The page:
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Introduction

When a lunch bag handle gets ripped, people deem it unusable and end up buying a new one. In order to reduce waste, this guide is to instruct how to repair that rip using a few simple steps. No prior knowledge of how to sew is required as this guide will teach you step by step.

  1. Find colored thread to match the color of the lunch bag and a needle. Find colored thread to match the color of the lunch bag and a needle.
    • Find colored thread to match the color of the lunch bag and a needle.

  2. Gather thread that is 3 to 4 times the length of the part that needs to be sewn. Measure 18 inches of thread and double it. Cut the thread to match the length of the ruler. Cut the thread to match the length of the ruler.
    • Gather thread that is 3 to 4 times the length of the part that needs to be sewn. Measure 18 inches of thread and double it.

    • Cut the thread to match the length of the ruler.

  3. Loop one end of the thread through needle. Wet the end of the thread if needed to make it easier to thread. Move the needle to the middle of the thread to have even amounts of thread on each side.
    • Loop one end of the thread through needle.

    • Wet the end of the thread if needed to make it easier to thread.

    • Move the needle to the middle of the thread to have even amounts of thread on each side.

  4. Tie knot at the end of string and repeat 3x. Try to place all knots in the same place. This will make the knot larger, so the thread stays in place on the lunchbox and does not pull through. This will make the knot larger, so the thread stays in place on the lunchbox and does not pull through.
    • Tie knot at the end of string and repeat 3x. Try to place all knots in the same place.

    • This will make the knot larger, so the thread stays in place on the lunchbox and does not pull through.

  5. Thread the needle through the lunchbox and handle. Pull all the way through, until the knot stops. Start on the inside, so the knot is not visible at the end. Stick the needle the opposite direction, about a ¼” away from the first stitch. Leave room between your first and second stitch. Thread the needle through the lunchbox and handle. Pull all the way through, until the knot stops. Start on the inside, so the knot is not visible at the end. Stick the needle the opposite direction, about a ¼” away from the first stitch. Leave room between your first and second stitch. Thread the needle through the lunchbox and handle. Pull all the way through, until the knot stops. Start on the inside, so the knot is not visible at the end. Stick the needle the opposite direction, about a ¼” away from the first stitch. Leave room between your first and second stitch.
    • Thread the needle through the lunchbox and handle. Pull all the way through, until the knot stops. Start on the inside, so the knot is not visible at the end. Stick the needle the opposite direction, about a ¼” away from the first stitch. Leave room between your first and second stitch.

  6. Thread the needle back through the lunchbox and handle in the space between your first and second stitch. Continue to stitch every other space, until you have sewed the handle back in place. Continue to stitch every other space, until you have sewed the handle back in place.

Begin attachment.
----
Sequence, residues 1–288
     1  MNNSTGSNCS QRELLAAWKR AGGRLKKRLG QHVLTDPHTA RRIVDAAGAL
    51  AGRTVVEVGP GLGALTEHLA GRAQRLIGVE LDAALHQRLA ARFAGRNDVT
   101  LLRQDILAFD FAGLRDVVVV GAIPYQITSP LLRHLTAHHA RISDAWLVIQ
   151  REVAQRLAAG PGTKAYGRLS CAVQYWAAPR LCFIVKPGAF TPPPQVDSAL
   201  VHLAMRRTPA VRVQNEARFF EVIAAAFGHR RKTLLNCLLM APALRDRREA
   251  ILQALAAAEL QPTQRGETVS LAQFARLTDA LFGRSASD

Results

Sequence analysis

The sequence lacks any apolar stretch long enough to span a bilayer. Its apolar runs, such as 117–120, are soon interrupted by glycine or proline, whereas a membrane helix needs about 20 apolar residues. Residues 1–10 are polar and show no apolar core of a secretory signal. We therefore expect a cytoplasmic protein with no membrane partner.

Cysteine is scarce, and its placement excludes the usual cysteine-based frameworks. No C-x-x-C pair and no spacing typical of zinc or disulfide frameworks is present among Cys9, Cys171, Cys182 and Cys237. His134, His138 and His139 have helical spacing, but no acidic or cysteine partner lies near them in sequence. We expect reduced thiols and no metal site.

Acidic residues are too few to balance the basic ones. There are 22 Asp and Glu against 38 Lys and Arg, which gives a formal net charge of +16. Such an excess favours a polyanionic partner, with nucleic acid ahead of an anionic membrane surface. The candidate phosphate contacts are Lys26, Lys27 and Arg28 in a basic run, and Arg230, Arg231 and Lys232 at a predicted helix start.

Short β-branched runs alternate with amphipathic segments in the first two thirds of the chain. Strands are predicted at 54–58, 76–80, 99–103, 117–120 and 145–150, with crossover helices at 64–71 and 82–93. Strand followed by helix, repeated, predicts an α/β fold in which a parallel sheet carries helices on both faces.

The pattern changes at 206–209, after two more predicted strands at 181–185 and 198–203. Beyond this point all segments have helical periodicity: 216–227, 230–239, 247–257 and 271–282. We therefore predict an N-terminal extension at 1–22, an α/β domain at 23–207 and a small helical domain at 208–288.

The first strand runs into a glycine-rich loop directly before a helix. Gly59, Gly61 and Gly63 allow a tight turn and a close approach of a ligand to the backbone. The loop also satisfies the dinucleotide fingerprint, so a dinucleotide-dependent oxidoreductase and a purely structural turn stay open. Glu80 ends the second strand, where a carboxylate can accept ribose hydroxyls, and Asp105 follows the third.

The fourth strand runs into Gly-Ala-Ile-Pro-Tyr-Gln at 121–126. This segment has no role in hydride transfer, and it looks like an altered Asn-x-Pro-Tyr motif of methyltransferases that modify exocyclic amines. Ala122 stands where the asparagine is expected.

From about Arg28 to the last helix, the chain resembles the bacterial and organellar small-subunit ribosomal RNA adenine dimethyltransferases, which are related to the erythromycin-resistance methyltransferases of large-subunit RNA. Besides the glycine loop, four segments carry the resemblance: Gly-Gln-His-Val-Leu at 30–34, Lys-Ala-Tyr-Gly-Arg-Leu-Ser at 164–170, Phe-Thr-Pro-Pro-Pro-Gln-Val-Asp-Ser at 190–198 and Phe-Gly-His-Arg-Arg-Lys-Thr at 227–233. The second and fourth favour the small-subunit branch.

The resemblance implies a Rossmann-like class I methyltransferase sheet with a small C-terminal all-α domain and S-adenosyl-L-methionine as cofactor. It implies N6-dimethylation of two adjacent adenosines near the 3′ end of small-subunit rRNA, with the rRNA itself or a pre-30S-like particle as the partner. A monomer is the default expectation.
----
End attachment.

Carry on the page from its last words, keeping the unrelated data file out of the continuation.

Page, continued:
• Thread the needle back through the lunchbox and handle in the space between your first and second stitch.

    • Continue to stitch every other space, until you have sewed the handle back in place.

  7. To end the last stitch, thread the needle between the lunchbox and thread of your last stitch. Rather than pulling the thread completely through, thread the needle back through the excess thread to make a knot. You can continue looping the needle about the thread to make the knot extra secure. You can continue looping the needle about the thread to make the knot extra secure.
    • To end the last stitch, thread the needle between the lunchbox and thread of your last stitch. Rather than pulling the thread completely through, thread the needle back through the excess thread to make a knot.

    • You can continue looping the needle about the thread to make the knot extra secure.

  8. Trim the excess thread as short as possible to make the stitches look clean and to avoid snagging. Your bag should now be good as new! Trim the excess thread as short as possible to make the stitches look clean and to avoid snagging. Your bag should now be good as new! Trim the excess thread as short as possible to make the stitches look clean and to avoid snagging. Your bag should now be good as new!
    • Trim the excess thread as short as possible to make the stitches look clean and to avoid snagging. Your bag should now be good as new!

Conclusion

Now your lunch bag should be good as new. There's no reason to throw a perfectly good lunch bag away when there's such a simple fix. Happy lunching!

One other person completed this guide.

Erica Lee

Member since: 10/26/2018

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UC Davis, Team S1-G5, Bender Fall 2018 Member of UC Davis, Team S1-G5, Bender Fall 2018

UCD-BENDER-F18S1G5

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